CE Back Office are introducing guest blogs! This months guest blogger is Rachel Urquhart…
I am Rachel Urquhart, I run RUHR a HR consultancy helping businesses join the dots between their goals and their people. I love to work with companies that recognise the value in their people, and appreciate that they are the key to their ongoing success.
With over a decade of senior HR experience, I am able to advise on what works and what doesn’t. This could be anything from getting the basics right (contracts and job descriptions), through to strategic input on changes that you want to make in your business (e.g. mergers, employee engagement or rethinking your company structure).
Having been Head of HR for a large organisation, my aim is to provide that level of knowledge and experience in a flexible way to small and medium sized companies. At RUHR we take a personalised approach, getting to know each client and working with them as a true partner, we focus on results, providing relevant solutions when required and become a member of the team without you having to pay for a full time HR Director.
Pay and reward, how to hold on to key people following a merger or acquisition.
Pay and reward are important factors in retaining and engaging key staff following a merger or acquisition. The most effective reward packages will be aligned with the business and staff needs and reflect the organisations purpose and performance.
Whilst the focus of this article is on mergers or acquisitions, for all businesses it is important to create and maintain a high-achieving organisation culture by delivering programmes that reward and recognise employee skills, behaviours, experience and performance, and ensure that reward systems are market-relevant, fair and cost-effective. What works in the private sector might not be appropriate in the third or public sector, strategy needs to be tailored to the company.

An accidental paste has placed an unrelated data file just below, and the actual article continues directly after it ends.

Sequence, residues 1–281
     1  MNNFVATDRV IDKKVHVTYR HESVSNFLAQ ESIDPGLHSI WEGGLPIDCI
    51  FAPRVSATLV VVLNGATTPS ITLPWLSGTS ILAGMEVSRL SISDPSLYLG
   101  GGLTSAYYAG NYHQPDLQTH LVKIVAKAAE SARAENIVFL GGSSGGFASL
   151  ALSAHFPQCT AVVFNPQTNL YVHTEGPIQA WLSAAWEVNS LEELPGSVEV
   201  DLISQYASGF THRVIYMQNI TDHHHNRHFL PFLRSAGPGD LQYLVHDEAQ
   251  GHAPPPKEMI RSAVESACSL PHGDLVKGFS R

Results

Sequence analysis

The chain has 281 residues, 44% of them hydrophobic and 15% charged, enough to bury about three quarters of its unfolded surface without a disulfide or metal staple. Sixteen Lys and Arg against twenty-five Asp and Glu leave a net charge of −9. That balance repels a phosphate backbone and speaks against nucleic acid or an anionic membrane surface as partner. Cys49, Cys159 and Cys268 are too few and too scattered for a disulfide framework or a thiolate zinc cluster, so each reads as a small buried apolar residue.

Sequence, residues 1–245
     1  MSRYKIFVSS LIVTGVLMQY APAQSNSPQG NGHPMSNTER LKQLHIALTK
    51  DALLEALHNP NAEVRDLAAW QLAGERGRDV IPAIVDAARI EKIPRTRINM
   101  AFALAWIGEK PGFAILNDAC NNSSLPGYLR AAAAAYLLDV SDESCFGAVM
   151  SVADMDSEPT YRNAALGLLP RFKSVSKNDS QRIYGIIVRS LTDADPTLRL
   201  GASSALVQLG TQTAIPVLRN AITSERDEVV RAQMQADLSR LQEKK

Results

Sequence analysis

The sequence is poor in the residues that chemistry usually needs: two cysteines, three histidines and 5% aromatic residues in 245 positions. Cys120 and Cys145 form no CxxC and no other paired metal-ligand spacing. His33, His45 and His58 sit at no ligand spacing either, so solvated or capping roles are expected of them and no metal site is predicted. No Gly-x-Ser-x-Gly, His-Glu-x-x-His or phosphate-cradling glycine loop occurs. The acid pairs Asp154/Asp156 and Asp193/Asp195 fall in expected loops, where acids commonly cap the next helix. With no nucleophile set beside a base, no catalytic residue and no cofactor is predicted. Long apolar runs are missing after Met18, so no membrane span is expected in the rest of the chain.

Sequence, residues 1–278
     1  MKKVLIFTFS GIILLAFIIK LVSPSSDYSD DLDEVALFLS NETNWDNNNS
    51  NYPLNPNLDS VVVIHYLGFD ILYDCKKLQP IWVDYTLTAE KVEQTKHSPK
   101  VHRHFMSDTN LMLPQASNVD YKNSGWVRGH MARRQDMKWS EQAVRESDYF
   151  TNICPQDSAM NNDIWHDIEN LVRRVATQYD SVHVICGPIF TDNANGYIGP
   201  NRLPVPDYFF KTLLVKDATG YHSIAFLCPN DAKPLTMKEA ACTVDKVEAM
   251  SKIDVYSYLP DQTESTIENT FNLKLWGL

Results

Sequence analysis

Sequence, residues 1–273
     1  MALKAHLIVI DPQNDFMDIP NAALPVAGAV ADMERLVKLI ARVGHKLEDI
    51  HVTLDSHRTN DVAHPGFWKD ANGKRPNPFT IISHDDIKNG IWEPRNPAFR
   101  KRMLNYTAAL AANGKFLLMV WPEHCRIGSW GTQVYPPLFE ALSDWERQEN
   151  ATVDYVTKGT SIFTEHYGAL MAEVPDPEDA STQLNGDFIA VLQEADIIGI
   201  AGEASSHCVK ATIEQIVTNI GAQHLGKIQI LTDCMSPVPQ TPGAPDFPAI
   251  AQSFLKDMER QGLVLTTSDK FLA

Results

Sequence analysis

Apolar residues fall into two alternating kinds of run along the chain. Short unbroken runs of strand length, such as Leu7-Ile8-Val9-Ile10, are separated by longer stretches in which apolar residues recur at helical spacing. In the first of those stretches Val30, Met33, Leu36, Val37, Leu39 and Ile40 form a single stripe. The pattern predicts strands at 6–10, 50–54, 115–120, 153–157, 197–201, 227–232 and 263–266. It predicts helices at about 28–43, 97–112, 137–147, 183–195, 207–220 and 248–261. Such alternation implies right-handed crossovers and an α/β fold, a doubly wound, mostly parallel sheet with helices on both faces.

Where to start?
The starting point is to review the job roles in both businesses, to see if they align in terms of what they do and what their remuneration package is (pay, bonus, pension, other benefits); also review against the market place to know how you are positioned.
If they are different, then there are some strategic decisions required early in the process about whether they need to be aligned as part of the transfer. TUPE (Transfer of Undertakings Protection of Employment) means they transferring employees have rights to transfer their old employment terms, including pay, working hours and annual leave. If you want to change those roles, that may mean you need to make the new roles more attractive when looking at pay and reward as employees will have to agree to any changes.
It is therefore important to consider and define the roles and structure that you want within the newly combined organisation for now and in the future. You don’t have to do it all now, it can be an evolutionary process with initial reward priorities shaped around bringing the merged organisation together with clear direction for the future. Flexible benefits can be used to reduce any difference between the two firms.
This initial review should also include a review of the pension offering of the target company. If it is a defined benefit scheme, the latest funding position will need to be reviewed by your Finance Director as part of your due diligence.
Why you need to be clear and transparent